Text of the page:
General Government Spending on Fixed Assets
In the general government accounts we usually think of government capital spending in terms of gross fixed capital formation, i.e. investment in fixed assets by the government sector. The path of this over the past two decades is well understood.
In the final years of the credit boom, government GFCF was ramped up significantly and reached €10 billion in 2008 before falling very significantly. It has been rising in recent years.
The timing of the inclusion of this spending is when the asset is acquired or completed so if the government is undertaking a multi-year project there could be cash spending over a number of years but the GFCF in the general government accounts will be counted when the project is completed. [This is so the GFCF figure can be linked to the capital stock figure.]
Government spending on fixed assets for itself is not the only capital spending the government does. The government can also provide funding for other sectors to do capital spending. This could be refurbishment grants for households; capital grants for sectors such as agriculture or grants for one-off projects like sports stadiums.
It will also include government funding of capital spending of publicly-controlled entities which are classified as being outside the general government sector. This currently includes:
- Airports including
- Dublin Airport Authority
- Aer Rianta
- Cork Airport
- Dublin Airport
- Shannon Airport
- An Post
- Bord na gCon including track companies
- Bord na Móna
- CIE excluding Irish Rail
- Bus Eireann
- Dublin Bus
- Ervia excluding Irish Water
- Gas Networks Ireland
- RTE Transmission Network
- Ports including
- Dublin Port
- Port of Cork
- Port of Waterford
- Universities including
- Dublin City University
- NUI: NUIG, NUIM, UCC, UCD,
- Trinity College Dublin
- University of Limerick
In this instance the general government sector funds the capital spending but the fixed asset is owned outside the general government sector (households, non-profits or non-financial corporate). This type of capital spending by government is recorded as investment grants.
If we add that to the first chart this is what we get:
We see that this leads to an even greater peak in 2008. In that year, general government provided around €3 billion of investment grants. Investment grants in cash are included in the year in which the payment is due to be made. The actual GFCF for the sector receiving the grant will be timed in line with the completion of the project.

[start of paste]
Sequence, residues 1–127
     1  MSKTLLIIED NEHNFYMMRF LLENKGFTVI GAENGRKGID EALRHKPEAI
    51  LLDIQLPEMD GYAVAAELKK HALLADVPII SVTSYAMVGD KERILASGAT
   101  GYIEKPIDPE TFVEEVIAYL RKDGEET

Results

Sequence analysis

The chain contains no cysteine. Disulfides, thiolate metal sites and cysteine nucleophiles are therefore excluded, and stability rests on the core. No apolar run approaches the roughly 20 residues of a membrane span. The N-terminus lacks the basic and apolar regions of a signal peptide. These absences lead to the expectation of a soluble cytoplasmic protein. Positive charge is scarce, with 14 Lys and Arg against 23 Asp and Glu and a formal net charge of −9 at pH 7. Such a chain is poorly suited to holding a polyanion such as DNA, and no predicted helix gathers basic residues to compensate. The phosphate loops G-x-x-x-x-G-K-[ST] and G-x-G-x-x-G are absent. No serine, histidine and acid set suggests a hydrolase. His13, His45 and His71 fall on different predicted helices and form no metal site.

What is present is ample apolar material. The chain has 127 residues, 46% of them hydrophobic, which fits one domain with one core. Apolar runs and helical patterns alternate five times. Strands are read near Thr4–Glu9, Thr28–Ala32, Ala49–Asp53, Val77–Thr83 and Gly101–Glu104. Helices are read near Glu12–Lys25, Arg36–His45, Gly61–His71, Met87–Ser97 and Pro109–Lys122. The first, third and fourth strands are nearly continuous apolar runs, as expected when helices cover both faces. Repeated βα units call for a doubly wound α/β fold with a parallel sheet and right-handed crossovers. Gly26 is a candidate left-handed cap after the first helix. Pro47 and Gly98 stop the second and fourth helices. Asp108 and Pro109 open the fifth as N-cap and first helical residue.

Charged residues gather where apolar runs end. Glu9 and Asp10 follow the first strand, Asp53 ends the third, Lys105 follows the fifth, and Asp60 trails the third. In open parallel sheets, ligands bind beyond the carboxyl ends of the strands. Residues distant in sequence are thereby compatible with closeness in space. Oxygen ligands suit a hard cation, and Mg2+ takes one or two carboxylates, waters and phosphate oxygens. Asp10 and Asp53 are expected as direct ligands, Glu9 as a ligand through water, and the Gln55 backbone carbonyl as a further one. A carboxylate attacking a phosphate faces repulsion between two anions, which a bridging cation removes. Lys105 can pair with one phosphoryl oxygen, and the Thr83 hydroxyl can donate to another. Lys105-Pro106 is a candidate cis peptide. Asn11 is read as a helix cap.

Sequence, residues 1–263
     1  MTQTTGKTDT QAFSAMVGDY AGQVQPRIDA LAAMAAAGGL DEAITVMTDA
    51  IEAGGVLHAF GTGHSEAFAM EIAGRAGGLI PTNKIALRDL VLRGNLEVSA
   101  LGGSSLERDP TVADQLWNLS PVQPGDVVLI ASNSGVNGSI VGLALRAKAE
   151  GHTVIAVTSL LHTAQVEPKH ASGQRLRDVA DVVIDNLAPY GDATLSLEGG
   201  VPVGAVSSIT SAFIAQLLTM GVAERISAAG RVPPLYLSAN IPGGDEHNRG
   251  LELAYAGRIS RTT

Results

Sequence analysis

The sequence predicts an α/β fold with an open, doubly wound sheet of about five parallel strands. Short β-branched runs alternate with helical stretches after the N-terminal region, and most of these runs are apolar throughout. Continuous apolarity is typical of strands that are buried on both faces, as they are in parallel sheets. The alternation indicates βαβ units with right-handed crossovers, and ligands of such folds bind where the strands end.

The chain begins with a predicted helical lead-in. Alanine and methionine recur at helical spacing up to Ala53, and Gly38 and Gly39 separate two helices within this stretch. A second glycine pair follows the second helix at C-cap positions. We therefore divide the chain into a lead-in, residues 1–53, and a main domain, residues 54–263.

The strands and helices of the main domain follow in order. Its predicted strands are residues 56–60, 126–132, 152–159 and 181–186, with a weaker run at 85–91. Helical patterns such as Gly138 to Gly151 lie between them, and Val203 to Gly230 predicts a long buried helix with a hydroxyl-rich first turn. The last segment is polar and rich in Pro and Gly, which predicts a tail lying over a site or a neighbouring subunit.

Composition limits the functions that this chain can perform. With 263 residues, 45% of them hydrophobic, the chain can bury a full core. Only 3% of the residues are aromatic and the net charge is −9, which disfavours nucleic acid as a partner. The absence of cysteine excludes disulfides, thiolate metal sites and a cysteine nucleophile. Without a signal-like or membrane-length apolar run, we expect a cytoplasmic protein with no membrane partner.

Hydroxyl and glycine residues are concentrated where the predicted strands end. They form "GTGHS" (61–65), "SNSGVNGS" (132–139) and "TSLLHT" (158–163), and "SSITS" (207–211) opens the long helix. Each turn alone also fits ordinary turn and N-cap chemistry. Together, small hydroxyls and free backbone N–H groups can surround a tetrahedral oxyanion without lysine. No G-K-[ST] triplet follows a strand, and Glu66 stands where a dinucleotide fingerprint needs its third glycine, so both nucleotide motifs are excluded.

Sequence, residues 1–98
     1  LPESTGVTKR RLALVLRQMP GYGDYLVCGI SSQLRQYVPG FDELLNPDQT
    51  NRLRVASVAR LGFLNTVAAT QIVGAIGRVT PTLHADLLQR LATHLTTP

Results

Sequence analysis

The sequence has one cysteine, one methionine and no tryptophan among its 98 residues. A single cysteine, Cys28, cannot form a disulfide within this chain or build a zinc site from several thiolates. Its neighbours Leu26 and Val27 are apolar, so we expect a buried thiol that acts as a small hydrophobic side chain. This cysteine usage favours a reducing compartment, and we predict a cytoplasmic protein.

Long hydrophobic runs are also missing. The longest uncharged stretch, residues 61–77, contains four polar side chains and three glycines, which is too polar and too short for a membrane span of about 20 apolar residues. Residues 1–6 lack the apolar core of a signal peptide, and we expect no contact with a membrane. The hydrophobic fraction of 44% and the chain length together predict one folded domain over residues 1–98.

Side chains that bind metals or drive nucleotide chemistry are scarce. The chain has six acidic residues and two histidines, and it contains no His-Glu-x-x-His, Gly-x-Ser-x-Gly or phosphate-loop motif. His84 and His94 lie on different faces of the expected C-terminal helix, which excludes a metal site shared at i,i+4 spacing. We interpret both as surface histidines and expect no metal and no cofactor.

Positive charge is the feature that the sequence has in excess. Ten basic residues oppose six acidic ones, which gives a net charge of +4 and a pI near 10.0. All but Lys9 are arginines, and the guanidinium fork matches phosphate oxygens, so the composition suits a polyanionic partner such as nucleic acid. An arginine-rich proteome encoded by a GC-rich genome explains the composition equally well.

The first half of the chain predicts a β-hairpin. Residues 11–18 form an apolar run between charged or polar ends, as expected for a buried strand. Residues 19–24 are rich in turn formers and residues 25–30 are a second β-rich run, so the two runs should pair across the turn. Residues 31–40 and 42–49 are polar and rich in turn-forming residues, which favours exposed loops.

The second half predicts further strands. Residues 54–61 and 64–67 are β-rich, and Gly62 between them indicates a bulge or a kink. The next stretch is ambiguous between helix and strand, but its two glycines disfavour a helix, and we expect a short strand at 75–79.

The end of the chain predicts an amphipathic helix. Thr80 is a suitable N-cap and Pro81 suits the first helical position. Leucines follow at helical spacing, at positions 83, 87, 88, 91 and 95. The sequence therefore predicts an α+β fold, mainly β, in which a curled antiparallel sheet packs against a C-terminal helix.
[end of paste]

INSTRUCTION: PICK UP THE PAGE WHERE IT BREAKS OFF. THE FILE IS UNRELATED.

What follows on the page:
The jump in investment grants is likely linked to transport (roads and public transport) and grants for the re-building of the Lansdowne Road stadium.
As with GFCF undertaken by the general government sector itself, investment grants have also been increasing in recent years. They were €900 million in 2013 and were €1,700 million in 2019. The above chart gives a fuller picture of general government spending on fixed assets.
If the data was available we could do one step further and get an overall figure for public sector capital spending. This would include the capital spending of the entities listed above that is not funded from investment grants from general government.
For example, many of those bodies have their own revenue streams (that is a primary reason why they are classified outside the general government sector) and can make autonomous decisions on capital spending. They could also borrow maybe through the placement of bonds (like the ESB have done) or by getting a loan from the European Investment Bank.
However, we do not yet have a set of accounts for publicly-controlled non-financial corporates (S.11001). The UK is the only country that has a full set of sector accounts for this sub-sector published by Eurostat. The data show that in 2018 in the UK:
- the general government sector had £57 billion of GFCF
- the general government sector provided £17 billion of investment grants
- publicly-controlled NFCs had £11 billion of GFCF (and received £1 billion of investment grants)
- households received £4 billion of investment grants
- non-profits received £8 billion of investment grants
- private non-financial corporates received £3.5 billion of investment grants
Over the next 18 to 24 months more countries, including Ireland, are expected to publish figures for publicly-controlled NFCs. Then we might be able to update this with a chart of public sector spending on fixed assets.